Quite a dash for tickets to Obama's Tuesday farewell address

- President Barack Obama will deliver a valedictory speech on Tuesday, following a tradition set in 1796 when the first president, George Washington, spoke to the American people for the last time in office. The speech will take place at McCormick Place, a giant convention center in Obama's hometown of Chicago.

Saturday, thousands of people braved freezing weather to get a ticket at Chicago’s McCormick Place convention center. The Chicago Sun-Times reported lines began to form at 4:30am. Even early birds faced waiting several hours to get a free ticket.

Obama has been spending his last few weeks in office tying up loose ends and putting finishing touches on his legacy before handing the reins to President-elect Donald Trump.

"I'm thinking about them as a chance to say thank you for this amazing journey, to celebrate the ways you've changed this country for the better these past eight years, and to offer some thoughts on where we all go from here," Obama said when he made the anouncement about Tuesday.

Obama's chief speechwriter, Cody Keenan, traveled with Obama to Hawaii and spent much of his trip, last month, working on the speech. This Chicago trip will likely be Obama's last outside Washington as president and will be include a "family reunion" for Obama's former campaign staffers.

The final days are Obama's last chance to define his presidency before his loses the bully pulpit and cedes his legacy to historians. For Obama, helping Americans understand how his two terms have reshaped American life is even more critical amid concerns that Trump may undo much of what he accomplished, including the health law.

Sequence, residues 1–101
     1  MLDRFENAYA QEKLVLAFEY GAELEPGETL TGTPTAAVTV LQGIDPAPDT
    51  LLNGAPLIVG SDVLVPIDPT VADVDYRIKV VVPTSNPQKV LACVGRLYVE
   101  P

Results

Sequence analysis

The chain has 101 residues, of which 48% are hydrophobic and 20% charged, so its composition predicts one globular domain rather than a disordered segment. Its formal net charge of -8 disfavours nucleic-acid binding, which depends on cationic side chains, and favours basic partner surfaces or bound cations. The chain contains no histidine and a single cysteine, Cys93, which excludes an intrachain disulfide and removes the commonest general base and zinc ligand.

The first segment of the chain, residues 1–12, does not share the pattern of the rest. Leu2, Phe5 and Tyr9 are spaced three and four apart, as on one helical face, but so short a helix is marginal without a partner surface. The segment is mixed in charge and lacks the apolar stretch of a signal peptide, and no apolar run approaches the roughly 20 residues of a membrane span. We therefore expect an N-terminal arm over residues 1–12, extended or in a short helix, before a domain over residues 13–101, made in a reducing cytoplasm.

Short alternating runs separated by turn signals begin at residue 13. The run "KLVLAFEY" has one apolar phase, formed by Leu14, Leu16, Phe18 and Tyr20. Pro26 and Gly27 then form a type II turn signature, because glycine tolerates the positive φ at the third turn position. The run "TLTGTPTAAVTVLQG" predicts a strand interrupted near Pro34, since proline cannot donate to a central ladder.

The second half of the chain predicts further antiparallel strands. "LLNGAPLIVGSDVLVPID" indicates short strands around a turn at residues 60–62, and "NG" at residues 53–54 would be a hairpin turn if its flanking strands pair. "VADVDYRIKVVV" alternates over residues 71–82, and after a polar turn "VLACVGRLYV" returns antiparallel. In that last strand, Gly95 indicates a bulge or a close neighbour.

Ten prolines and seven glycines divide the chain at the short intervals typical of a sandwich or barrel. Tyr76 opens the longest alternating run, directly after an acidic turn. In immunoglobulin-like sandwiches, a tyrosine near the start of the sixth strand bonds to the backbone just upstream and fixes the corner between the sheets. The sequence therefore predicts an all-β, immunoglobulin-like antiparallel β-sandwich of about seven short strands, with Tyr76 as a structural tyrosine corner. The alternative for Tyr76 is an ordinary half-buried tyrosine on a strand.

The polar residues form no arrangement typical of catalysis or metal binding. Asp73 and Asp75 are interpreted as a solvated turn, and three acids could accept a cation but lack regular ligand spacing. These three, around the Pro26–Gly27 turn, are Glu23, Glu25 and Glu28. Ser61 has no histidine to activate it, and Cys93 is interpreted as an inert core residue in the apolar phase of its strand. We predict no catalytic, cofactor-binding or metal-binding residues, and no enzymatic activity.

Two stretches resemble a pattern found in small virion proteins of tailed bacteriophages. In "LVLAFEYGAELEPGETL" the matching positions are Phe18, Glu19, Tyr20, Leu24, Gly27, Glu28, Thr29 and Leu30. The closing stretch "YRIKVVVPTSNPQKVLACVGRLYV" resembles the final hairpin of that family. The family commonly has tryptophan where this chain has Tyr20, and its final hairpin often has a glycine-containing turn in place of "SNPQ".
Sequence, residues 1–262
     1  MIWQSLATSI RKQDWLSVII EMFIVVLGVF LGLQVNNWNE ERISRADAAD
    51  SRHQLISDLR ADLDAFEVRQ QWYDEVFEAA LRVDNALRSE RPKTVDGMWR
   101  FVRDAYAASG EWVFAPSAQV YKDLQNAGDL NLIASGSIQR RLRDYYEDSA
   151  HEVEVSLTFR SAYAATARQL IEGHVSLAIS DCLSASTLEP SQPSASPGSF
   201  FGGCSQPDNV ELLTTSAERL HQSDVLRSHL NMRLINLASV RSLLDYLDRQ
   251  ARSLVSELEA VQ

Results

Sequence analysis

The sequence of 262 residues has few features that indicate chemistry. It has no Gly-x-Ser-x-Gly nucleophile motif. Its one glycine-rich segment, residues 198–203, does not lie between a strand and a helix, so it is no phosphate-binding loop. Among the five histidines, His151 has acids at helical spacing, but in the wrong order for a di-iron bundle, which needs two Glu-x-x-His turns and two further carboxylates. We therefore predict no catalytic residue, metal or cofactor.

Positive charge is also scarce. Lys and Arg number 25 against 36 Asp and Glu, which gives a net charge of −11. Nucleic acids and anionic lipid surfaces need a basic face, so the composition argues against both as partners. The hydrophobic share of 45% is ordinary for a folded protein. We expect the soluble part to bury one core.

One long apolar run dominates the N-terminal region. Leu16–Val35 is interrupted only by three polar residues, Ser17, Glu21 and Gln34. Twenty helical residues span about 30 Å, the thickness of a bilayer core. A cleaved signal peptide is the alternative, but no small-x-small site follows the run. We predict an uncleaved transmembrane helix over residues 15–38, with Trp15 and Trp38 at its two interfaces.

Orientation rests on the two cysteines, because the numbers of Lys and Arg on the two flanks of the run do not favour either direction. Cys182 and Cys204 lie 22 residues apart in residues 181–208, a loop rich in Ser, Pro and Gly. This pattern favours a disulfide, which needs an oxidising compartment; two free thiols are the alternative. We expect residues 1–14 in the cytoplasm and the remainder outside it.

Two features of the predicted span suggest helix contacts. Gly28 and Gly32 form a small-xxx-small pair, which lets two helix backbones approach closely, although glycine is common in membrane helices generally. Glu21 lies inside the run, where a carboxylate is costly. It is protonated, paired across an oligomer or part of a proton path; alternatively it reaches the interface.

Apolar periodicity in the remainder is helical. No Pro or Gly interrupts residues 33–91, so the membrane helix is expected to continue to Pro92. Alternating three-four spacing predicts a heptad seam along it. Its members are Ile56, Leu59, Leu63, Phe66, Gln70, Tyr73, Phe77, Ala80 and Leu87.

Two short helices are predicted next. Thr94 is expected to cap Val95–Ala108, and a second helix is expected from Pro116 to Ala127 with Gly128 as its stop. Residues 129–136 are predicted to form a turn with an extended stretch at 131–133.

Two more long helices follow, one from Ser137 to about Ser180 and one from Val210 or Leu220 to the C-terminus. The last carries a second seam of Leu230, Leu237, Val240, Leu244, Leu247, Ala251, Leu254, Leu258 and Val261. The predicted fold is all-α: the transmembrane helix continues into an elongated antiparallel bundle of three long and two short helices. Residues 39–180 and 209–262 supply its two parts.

As Trump and Republicans vow to gut the Affordable Care Act, Democrats are working to devise a strategy to protect the law by exploiting GOP divisions about how to replace it.

His administration is also working feverishly to finish up regulations in the pipeline that Obama hopes can be completed in the final days, perhaps increasing the likelihood his policies carry over. But the closer it gets to Trump's inauguration, the harder those tasks become.

Though Obama remains president until Jan. 20, the White House can't process the departure of all its staffers on a single day. So this week Obama aides will start "offloading," turning in their Blackberries and shutting down their computers for the last time, leaving a smaller staff on hand for the final days.

Obama must also prepare to become a private citizen for the first time in two decades. An office of the former president must be stood up, and Obama's family will be moving into a rental home in Northwest Washington where they plan to stay until youngest daughter Sasha finishes high school.

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